The animal was placed in left lateral decubitus under the field of a fixed microscope (Nikon's Eclipse FN1, Nikon Corporation Instruments Company, Tokyo, Japan) connected to a video camera (CoolSNAPEZ, Photometrics, Tucson, AZ) which was interfaced through a IEEE‐1394 data‐transfer interface card with a personal computer equipped with an image‐processing software (MetaMorph® System, Molecular Devices, Sunnyvale, CA). Total microscopic magnification was 60×. A LED ring‐light illuminator was anchored to microscopic optics to provide a uniform lighting of the alveolar field. The depth of field of the objective used (4×, NA = 0.1) was about 50 microns. As we focused the visceral pleura, the microscopic image referred to a depth of 50 microns within the lung parenchyma. We also refer to common histology (hematoxilin–eosin) performed in our laboratory on sagittal sections of the lung fixed at a transpulmonary pressure corresponding to functional residual capacity (FRC) to estimate the average thickness of the visceral pleura (Rivolta et al. 2011).
We imaged the alveolar units of the right lower lobe, where no interlobar fissures crossed the optical field. Alveolar units included both alveoli and alveolar sacs. The change in alveolar size was assessed during two/three recruitment–derecruitment maneuvers: mechanical ventilation was stopped at the end of expiration and lung was recruited from FRC up to an alveolar pressure (Palv) of 20 cmH2O (100% of inspiratory capacity, IC) by injecting air through a syringe and controlling intratracheal pressure. Each step involved an increase/decrease of 4 cmH2O. During the maneuver, an image was acquired at each pressure step, when quasi‐static conditions were reached (about 2 sec for each pressure level). The displacement of the alveolar field under microscopic view required a manual focus adjustment at each pressure step. At the end of the experiment, the animals were euthanized with an anesthetic overdose.
Morphological and morphometric analysis of alveolar units
For each image, alveolar units (both alveoli and alveolar sacs) were manually segmented along the sharp gradient in optical density between the gas phase and the interstitial tissue in order to derive individual alveolar surface area (Fig. 1C) and to obtain then their frequency distributions. The latters did not include alveolar sacs, whose geometry depart from circularity. Given a rectangular region of interest (ROI) on the image (with a variable size around 200 × 300 micron, Fig. 1C), the alveolar surface density (ASD) was estimated as the ratio of alveolar surface area to the area of the ROI; up to four equally sized, minimally overlapping, randomly selected ROIs containing at least 10 alveoli were analyzed for each image to obtain an average value for ASD at each alveolar pressure.
Local distending pressure
Given the animal position, the imaged lung units of the right lower lobe were placed in the less‐dependent portion of the pleural cavity, that is, at 100% of lung height. For these units, it was possible to obtain an estimate of the local distending pressure (Pld) defined as: where Plps is the local pleural pressure. Plps was derived from figure 7 of Agostoni and Miserocchi (1970), a study that reported direct measurements performed at different lung heights and for different Palv values in the same species.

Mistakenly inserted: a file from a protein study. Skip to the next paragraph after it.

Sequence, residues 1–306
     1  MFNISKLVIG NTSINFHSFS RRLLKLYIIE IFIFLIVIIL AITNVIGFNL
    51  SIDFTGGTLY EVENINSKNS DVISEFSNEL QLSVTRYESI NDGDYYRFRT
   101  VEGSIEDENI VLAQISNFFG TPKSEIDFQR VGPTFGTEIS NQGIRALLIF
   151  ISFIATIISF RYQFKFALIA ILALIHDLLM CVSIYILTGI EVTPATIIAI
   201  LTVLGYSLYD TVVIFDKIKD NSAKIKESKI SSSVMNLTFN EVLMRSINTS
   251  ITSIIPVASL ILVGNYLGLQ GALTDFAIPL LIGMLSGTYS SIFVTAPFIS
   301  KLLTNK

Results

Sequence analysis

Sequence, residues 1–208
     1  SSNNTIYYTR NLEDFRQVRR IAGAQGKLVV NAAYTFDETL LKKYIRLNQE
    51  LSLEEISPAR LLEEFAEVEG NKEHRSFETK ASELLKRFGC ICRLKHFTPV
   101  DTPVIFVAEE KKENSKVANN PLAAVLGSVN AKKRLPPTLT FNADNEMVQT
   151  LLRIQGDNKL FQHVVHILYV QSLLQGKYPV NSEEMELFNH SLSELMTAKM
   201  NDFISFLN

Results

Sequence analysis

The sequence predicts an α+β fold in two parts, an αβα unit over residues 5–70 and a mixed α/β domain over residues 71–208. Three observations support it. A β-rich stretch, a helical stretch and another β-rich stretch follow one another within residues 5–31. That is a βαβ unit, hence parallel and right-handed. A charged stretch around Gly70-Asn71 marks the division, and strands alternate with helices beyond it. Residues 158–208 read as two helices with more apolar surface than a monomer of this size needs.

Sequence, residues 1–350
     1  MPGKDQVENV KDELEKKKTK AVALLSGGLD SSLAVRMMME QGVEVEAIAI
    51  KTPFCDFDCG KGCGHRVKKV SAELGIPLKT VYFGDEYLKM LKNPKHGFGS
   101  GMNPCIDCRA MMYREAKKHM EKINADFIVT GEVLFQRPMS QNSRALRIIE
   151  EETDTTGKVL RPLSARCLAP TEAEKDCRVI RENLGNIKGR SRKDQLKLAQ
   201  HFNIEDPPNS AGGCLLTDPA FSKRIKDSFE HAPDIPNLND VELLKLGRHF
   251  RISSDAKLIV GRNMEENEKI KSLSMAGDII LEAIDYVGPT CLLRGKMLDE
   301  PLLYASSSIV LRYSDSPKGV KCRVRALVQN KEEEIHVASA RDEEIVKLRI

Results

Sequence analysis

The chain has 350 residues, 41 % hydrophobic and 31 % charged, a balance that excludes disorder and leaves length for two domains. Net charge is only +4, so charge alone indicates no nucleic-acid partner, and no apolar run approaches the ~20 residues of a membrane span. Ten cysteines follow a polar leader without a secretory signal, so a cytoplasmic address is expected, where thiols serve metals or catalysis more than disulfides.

Cluster and fractal analysis
Cluster analysis was carried out to describe the shape and topological distribution of clusters of alveoli having similar area values and was based on contiguity‐constrained hierarchical agglomerative clustering (Recchia 2010). This analysis allows to group alveoli based on two inclusion principles: the first one is based on similarity in surface area, the second is contiguity.
The contiguity constraint is initially computed on single alveoli that are considered adjacent if their centroids are not farthest than two times their average surface diameter and no other alveoli are found on the line joining their centroids. A representative example of this clustering analysis is presented in Figure 1D, where alveolar clusters are manually encircled by black lines. Clusters were geometrically characterized by computing their circularity, defined as grouping data at P0.
Kolmogorov–Smirnov normality test was performed on alveolar populations using Matlab®. Spatial statistical analysis (semivariogram) of areas of single alveoli was performed to express the relationship of the respective variances as a function of increasing distance (“lag”) between individual alveoli, in order to assess whether there is a distance dependence for alveolar area distribution. Logarithms of area values were used to obtain normal distributions, on which semivariogram analysis was carried out, using geoR package (R, version 3.0.1). Semivariogram could be computed only up to a maximum distance corresponding to half the window size (about 500 μm).
Data will be presented in accord to three scale levels: alveoli, cluster of alveoli, and overall image/whole lung.
Representative distributions of alveolar areas pooled from all rabbits are presented in Figure 2A and B for Palv = 0 cmH2O and Palv = 20 cmH2O, corresponding to local distending pressure Pld of 3 and 16.5 cmH2O, respectively referred, from this point onwards, as P0 and P1. The total number of alveoli analyzed for each image ranged between 100 and 150, providing an overall number of alveoli in a range of 1000 at each pressure. These distributions were found to be right‐skewed, that is smaller alveoli are more numerous than the greater ones. The semivariogram presented in Figure 2C shows that the variance of the alveolar areas at P0 is independent of topological distribution, as it oscillates by about ±3% around the variance of the alveolar population, named “sill.” Similar results were obtained for the same analysis carried out at increased distending pressure, with an average oscillation of ±7% around the “sill.”